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INDUSTRY REGULATION: Government regulation of an entire industry. The most common industry regulation has been in airline, railroad, trucking, banking, and television broadcasting. The objective of industry regulation is for a regulatory agency to keep a close eye on an industry's prices and product to ensure that they don't start a monopoly and take advantage of consumers. Unfortunately more than a few of the regulatory agencies have been prone to work too closely with those they regulate, in large part because regulators move freely between industry and agency. The agency often ends up working for the industry and running what is effectively a legal monopoly that raises prices, prevents competition, and gouges consumers.

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CENTRAL PLANNING: A system of extensive central government control of an economy, including organizing production and making allocation decisions. This was the popular method of allocating resources and answering the three basic questions of allocation under the communism/socialism economic systems of the Soviet Union, China, and others during the 1950s, 1960s, and 1970s. Applying the communist/socialist philosophy that private property and market allocation were "bad," central planning relied on extremely detailed plans made by government. These plans would set specific production quotas for individual products, parts, components, and inputs fabricated by all of the factories and farms across the economy. This was a daunting, complex task that required detailed production information for hundreds of thousands of different commodities.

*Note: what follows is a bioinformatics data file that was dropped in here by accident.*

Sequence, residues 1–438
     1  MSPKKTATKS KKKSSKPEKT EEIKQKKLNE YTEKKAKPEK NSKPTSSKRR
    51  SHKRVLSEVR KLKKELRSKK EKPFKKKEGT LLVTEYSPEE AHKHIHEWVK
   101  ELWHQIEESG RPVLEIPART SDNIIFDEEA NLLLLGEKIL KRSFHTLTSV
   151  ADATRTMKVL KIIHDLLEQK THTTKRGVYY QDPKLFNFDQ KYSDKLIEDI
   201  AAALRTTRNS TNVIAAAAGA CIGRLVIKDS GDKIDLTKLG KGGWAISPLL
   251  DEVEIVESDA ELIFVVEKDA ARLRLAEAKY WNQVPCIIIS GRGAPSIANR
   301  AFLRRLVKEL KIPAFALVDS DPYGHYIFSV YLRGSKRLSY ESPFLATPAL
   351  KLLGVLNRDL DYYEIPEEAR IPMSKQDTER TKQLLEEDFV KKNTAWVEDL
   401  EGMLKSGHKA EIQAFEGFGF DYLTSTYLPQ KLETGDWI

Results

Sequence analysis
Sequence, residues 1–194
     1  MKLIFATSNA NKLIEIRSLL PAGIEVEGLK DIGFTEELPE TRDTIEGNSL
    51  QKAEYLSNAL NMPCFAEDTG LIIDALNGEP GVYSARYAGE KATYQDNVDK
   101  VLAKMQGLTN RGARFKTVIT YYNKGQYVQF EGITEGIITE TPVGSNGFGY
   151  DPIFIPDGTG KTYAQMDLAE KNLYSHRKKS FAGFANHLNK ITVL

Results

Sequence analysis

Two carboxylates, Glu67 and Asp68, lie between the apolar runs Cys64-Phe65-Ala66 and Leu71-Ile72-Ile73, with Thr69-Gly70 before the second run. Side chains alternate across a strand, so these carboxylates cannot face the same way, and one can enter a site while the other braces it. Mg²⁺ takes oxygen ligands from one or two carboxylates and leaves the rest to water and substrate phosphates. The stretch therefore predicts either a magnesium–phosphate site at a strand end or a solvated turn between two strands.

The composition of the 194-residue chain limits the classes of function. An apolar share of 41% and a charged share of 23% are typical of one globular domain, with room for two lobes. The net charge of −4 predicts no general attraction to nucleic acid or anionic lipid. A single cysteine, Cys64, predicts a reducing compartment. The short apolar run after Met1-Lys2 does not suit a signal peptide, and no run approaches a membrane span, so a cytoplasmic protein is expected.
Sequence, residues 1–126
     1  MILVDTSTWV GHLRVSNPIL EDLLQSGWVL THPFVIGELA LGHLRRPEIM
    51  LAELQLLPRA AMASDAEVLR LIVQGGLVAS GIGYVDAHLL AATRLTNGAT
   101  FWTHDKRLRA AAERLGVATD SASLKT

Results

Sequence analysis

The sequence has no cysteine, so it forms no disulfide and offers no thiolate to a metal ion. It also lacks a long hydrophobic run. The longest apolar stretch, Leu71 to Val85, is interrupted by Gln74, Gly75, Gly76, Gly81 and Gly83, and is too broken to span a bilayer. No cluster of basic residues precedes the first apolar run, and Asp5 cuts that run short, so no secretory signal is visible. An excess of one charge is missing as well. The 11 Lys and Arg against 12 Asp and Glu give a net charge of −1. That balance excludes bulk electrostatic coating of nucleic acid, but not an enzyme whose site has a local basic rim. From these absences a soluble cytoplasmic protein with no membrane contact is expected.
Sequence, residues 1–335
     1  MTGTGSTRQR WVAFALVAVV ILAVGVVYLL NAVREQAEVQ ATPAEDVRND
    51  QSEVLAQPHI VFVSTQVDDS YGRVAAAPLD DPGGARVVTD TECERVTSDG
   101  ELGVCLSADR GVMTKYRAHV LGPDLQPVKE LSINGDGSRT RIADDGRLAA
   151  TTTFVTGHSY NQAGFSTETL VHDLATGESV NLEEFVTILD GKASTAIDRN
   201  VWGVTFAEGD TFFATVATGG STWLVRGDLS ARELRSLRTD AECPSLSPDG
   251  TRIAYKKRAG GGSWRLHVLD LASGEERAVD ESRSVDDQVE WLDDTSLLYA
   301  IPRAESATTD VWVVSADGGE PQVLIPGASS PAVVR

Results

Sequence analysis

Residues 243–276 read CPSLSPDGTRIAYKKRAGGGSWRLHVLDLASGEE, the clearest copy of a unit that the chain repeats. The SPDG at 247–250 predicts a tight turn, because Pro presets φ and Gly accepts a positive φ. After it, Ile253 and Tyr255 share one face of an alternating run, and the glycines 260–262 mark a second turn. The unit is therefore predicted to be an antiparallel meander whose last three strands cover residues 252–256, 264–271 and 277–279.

See also | government | government sector | economy | production | allocation | resources | three questions of allocation | communism | socialism | private property | market | information | capitalism | free enterprise |


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CENTRAL PLANNING, AmosWEB GLOSS*arama, http://www.AmosWEB.com, AmosWEB LLC, 2000-2019. [Accessed: July 21, 2019].


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ABILITY-TO-PAY PRINCIPLE

A taxation principle stating that taxes should be based on the ability to pay taxes. The ability-to-pay principle works from the proposition that those who have the greatest income should pay the most taxes. The ability-to-pay principle is the only reasonable way to finance the provision of public goods such as national defense, public health, and environmental quality. This is one of two taxation principles. The other is the benefit principle, which states taxes should be based on the benefits received.

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Today, you are likely to spend a great deal of time browsing through a long list of dot com websites hoping to buy either a T-shirt commemorating Thor Heyerdahl's Pacific crossing aboard the Kon-Tiki or a wall poster commemorating the 2000 Olympics. Be on the lookout for a thesaurus filled with typos.
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The Dow Jones family of stock market price indexes began with a simple average of 11 stock prices in 1884.
"When I stand before God at the end of my life, I would hope that I would not have a single bit of talent left, and could say, I used everything you gave me."

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